Saturday, August 26, 2006

Sides to Middle

I have spent the last year getting to know my new sewing machine. It is both a miracle of Swedish engineering and a tribute to über-grammatical translation:

The flat side of the spool holder shall be pressed firmly against the spool. There shall be no space between the spool holder and the spool.
I salute, sew my seam and reminisce.

I learned to sew on my grandmother’s treadle machine. That’s Nana round the corner. There’ll be more about her later. (You already met Garby down the Lock on Christmas Eve, 2005.) The machine sat by the window in Nana’s dining room/living room/all purpose room. My mother did not inherit Nana’s sewing skills, but she did have her knitting skills. It was my mother’s older sister, my Auntie Doris, who was the sewer. She was, in fact, a professional seamstress. She never used patterns and I still remember some of the dresses she made for me. How I loved my summer school uniform: a green and white striped dress and a green and white checked dress. In fact she made all our dresses, my mother’s and mine, until her untimely death in her early forties.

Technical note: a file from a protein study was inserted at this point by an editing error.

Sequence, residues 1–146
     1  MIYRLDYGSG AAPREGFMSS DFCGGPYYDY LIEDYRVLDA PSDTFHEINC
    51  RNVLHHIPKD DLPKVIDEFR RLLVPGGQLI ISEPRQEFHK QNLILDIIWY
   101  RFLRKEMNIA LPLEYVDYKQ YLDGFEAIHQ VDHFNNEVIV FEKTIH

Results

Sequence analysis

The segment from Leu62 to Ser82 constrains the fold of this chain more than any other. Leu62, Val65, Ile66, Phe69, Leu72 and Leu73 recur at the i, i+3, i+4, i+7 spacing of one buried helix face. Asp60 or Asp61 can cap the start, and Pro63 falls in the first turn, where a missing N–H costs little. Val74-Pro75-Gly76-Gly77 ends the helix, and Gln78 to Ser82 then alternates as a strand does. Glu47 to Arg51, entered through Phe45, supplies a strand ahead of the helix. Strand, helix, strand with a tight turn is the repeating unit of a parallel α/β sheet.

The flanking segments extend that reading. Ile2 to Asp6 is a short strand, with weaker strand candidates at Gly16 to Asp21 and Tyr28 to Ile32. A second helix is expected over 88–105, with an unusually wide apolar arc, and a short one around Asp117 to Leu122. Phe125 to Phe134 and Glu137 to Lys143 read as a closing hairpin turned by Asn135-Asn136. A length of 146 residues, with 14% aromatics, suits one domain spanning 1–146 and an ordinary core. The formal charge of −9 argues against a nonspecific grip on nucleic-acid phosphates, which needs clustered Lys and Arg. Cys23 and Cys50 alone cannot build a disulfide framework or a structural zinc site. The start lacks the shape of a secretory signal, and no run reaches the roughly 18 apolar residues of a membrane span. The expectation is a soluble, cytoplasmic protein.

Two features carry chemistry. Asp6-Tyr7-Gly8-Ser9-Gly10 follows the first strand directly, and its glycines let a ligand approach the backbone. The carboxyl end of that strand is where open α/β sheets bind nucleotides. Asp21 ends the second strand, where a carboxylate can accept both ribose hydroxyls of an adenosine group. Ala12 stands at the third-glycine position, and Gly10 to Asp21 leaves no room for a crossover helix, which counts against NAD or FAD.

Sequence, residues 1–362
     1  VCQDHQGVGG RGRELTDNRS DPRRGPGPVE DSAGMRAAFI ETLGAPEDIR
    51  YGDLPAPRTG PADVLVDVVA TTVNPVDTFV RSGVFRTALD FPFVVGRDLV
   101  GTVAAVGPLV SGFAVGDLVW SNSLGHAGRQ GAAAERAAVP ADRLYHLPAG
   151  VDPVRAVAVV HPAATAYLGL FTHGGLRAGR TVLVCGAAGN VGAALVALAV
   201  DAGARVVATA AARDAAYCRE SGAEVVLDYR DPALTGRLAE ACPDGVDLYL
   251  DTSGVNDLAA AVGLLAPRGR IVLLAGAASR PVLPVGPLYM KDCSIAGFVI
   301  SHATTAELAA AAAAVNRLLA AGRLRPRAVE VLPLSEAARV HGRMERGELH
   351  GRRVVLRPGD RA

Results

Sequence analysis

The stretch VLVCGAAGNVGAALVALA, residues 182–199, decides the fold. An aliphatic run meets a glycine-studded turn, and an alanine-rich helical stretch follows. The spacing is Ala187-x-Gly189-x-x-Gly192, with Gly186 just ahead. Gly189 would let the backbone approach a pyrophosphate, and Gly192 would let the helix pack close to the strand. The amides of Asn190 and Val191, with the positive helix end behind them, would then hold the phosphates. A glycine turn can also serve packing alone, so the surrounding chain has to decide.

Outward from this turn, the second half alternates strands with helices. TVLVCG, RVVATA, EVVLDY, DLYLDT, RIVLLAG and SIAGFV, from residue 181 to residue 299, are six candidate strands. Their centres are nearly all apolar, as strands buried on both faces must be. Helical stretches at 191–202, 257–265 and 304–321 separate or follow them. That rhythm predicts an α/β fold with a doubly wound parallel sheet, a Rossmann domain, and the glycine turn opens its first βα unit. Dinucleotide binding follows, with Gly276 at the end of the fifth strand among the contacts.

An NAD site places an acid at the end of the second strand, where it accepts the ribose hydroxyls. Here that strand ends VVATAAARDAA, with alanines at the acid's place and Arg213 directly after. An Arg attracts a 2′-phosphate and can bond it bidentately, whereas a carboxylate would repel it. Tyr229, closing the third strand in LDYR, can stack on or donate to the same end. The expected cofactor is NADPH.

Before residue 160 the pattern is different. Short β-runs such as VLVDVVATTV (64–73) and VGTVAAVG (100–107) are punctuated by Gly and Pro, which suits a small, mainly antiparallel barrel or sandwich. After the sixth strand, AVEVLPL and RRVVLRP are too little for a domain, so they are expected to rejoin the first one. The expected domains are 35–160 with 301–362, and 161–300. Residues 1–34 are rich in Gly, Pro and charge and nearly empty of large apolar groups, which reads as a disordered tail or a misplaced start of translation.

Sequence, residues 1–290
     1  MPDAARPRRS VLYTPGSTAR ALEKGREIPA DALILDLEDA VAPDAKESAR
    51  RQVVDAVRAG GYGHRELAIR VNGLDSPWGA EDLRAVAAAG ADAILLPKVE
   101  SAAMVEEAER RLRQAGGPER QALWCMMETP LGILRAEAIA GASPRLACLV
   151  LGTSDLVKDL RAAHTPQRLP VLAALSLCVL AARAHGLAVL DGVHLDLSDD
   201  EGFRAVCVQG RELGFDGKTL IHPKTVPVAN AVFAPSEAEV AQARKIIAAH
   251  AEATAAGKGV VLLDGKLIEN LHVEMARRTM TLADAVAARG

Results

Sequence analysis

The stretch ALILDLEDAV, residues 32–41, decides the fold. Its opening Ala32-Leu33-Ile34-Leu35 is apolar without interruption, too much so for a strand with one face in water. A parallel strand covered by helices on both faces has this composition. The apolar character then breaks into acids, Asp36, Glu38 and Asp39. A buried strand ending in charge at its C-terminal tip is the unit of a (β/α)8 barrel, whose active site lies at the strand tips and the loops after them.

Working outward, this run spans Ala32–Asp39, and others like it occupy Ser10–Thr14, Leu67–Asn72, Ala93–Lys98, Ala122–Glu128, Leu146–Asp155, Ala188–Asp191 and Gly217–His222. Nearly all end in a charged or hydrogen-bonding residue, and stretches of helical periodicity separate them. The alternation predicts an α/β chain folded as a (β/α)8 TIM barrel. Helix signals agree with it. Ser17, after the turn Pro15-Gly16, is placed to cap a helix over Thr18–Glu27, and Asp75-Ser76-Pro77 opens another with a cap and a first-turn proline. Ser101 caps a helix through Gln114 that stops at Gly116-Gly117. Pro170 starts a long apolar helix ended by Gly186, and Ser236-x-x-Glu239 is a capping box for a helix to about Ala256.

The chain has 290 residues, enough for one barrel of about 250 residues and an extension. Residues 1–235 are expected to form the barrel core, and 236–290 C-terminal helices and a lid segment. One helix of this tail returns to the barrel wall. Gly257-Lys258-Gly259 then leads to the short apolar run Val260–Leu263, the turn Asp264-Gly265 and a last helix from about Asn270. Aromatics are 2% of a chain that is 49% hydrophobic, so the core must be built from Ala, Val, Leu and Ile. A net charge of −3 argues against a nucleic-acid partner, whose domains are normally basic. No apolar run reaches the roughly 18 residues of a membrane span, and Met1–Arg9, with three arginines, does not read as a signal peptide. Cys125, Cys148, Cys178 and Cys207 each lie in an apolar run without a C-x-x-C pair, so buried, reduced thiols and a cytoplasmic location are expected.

Here she is on her wedding day to Uncle Bill. I thought he was the handsomest man alive and he was as gentle and loving as Auntie Doris. It was one of life’s cruel blows that he too died shortly after she did.

I do remember gong round to Nana’s as a teenager and sewing some dresses on her machine. It had one stitch and one direction, but it worked fine. What I remember most, however, is the procedure Nana supervised for my mother every once in a while. It was called “sides to middle.”

Remember, these were postwar years and everything had to be purchased with coupons. Nothing could be wasted. Our sheets were cotton and—in the spirit of Henry Ford—they were any color we wanted, as long as it was white. When our sheets wore thin in the middle, my mother cut them in half and sewed the two side selvedges together. Voilà, new sheets.

I don’t know what happened to that old sewing machine. Mine came with a video, fancy attachments and a couple of instruction books. I wish Nana and Auntie Doris could have had something half as nice.

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